3 Things We Can Learn From Conchita Wurst’s Eurovision Victory

Conchita who? On Saturday night, this Austrian transgender singer became the winner of the Eurovision Song Contest held in Copenhagen this year. By winning the crown, the bearded ‘lass’ has become a symbol of acceptance for homosexuals around the world. Her soul-stirring song, Rise Like A Phoenix, was an instant hit with the 170million-strong (global) audience.

Of course, the contest was not short of controversy, with Russians and Belarussians wildly protesting her participation and their politicians calling for her performance boycott on state television. Many Russian men took to social media, posting photos of themselves shaving their beards off as a form of dissent.

russian shave protest Conchita WurstA Russian man protests Conchita’s Eurovision win

Born Thomas Neuwirth in the village of Bad Mitterndorf, Austria, the 25-year-old began her music career in a boy band called Jetzt Anders. Today, she has become a sensation, with Twitter generating 5,384,678 tweets about her and experts predicting she could earn as much as £25million, thus becoming the biggest Eurovision winner since ABBA in 1974. Here are 3 things we can learn from her.

Tom Neuwirth Conchita WurstThomas Neuwirth and his alter ego Conchita Wurst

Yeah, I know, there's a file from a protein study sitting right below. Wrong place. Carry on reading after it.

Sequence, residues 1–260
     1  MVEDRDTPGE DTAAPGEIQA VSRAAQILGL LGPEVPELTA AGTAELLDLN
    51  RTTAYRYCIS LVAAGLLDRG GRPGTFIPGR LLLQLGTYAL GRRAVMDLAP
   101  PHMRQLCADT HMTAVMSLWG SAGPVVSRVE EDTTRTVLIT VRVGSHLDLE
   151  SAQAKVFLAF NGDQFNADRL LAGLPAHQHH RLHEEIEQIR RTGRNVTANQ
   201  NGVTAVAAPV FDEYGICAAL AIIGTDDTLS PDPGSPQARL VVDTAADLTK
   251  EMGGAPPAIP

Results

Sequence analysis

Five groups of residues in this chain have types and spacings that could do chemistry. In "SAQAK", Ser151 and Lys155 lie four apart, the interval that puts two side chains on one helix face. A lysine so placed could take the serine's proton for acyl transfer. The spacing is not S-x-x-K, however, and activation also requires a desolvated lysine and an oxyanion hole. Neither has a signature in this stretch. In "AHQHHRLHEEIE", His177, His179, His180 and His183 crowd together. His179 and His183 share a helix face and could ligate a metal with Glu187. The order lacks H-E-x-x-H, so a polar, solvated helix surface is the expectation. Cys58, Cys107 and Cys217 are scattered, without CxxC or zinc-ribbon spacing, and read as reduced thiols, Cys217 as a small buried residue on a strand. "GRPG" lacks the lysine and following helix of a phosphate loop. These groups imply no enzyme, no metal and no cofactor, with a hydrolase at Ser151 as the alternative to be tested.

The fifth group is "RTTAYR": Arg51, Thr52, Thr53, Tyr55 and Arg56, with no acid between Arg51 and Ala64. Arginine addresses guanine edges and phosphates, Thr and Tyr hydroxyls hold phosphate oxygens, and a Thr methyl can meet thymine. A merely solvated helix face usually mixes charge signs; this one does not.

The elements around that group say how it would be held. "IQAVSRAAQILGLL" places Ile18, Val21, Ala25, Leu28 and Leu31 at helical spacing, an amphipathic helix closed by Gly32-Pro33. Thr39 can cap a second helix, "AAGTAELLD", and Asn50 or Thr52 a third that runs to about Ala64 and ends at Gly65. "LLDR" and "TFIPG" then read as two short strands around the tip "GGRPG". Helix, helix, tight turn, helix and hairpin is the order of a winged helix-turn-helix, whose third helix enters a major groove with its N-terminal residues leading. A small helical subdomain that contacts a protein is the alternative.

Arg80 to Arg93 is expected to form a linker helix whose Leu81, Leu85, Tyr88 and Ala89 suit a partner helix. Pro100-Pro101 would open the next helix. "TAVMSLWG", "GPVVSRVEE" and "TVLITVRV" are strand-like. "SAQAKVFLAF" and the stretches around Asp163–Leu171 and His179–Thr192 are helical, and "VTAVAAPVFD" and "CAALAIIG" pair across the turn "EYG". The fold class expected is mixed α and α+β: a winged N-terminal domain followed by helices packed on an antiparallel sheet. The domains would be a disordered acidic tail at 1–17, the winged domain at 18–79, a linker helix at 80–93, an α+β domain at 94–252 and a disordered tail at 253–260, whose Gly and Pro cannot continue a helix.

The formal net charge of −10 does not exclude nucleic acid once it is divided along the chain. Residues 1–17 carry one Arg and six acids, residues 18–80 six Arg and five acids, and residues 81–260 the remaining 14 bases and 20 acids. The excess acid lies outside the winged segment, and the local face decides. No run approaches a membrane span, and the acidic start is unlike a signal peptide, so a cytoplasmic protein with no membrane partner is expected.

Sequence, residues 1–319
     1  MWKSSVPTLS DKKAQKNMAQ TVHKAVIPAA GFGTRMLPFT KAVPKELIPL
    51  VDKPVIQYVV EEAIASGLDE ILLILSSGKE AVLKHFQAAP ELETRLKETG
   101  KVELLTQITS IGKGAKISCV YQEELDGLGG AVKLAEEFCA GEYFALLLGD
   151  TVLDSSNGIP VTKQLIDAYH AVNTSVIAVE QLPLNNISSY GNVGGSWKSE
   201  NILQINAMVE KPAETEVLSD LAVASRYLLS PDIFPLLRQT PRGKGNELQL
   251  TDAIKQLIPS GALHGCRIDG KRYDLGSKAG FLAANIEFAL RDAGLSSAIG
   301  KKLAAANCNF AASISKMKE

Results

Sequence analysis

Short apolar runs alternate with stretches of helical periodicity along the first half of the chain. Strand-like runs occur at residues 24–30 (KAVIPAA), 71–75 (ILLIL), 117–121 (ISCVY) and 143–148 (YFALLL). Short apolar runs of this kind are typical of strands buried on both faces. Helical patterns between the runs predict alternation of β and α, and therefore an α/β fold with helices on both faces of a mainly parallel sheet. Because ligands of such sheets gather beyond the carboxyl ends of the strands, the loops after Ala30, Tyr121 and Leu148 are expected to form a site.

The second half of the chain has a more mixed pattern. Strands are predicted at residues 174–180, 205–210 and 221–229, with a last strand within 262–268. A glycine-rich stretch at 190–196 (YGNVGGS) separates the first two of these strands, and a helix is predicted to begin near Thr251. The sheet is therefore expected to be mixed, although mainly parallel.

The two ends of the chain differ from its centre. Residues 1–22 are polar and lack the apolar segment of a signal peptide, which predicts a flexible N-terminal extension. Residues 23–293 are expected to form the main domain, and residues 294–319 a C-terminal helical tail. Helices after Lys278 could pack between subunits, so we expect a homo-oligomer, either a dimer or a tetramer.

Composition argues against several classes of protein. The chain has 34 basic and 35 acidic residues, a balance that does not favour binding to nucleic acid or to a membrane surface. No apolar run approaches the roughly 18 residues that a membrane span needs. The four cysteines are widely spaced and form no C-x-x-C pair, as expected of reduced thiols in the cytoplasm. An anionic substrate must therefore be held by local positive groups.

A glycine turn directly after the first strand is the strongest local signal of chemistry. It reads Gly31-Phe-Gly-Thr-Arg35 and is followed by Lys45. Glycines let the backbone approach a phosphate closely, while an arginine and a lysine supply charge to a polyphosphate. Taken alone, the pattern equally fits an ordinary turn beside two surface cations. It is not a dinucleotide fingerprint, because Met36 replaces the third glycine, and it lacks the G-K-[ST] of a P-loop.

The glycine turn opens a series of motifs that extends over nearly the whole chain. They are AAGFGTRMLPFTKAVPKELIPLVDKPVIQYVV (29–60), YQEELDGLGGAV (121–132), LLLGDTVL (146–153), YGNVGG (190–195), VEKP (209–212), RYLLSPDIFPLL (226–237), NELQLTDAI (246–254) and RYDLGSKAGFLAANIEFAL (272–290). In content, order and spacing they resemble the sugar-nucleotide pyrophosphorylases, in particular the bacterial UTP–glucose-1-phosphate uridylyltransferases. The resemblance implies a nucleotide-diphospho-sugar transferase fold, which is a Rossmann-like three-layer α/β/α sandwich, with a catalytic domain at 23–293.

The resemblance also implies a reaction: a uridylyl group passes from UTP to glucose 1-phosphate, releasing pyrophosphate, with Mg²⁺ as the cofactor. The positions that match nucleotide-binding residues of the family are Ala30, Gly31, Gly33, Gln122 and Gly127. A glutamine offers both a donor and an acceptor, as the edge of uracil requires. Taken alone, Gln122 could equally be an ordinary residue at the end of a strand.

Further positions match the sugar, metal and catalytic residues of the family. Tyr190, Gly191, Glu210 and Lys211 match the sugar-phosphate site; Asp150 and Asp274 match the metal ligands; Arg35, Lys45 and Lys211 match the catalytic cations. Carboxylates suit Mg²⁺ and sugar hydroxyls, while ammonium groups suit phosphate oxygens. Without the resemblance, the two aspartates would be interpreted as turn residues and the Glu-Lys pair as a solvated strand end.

Acceptance
While the world accepts her unconditionally in spite of unabashedly blurring the lines of gender distinction, we in India can only stop and stare at our regressive stance on recriminalising homosexuality. Yes, article 377, we’re looking at you!

article 377 indian constitution

Equality
Can we imagine a person like Conchita participating in, let alone winning, Indian Idol or Sa Re Ga Ma Pa? This is a triumph of equality, above all else.

Freedom of Expression
In her winning speech, Conchita said that the night was dedicated to everyone who believed in peace and freedom. “We are unity and we are unstoppable,” she said as the crowd erupted in applause. What if this had happened in India? Political parties going berserk, people condemning her (and her parents’) values, priests saying she has defiled her religion, dharnas outside her home… it’s no wonder we are where we are.

What do you think? Is the hype around Conchita justified? Drop in your comments or tweet to us.

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Images courtesy: chic.se, dailymail.co.uk, hindustantimes.com, express.co.uk

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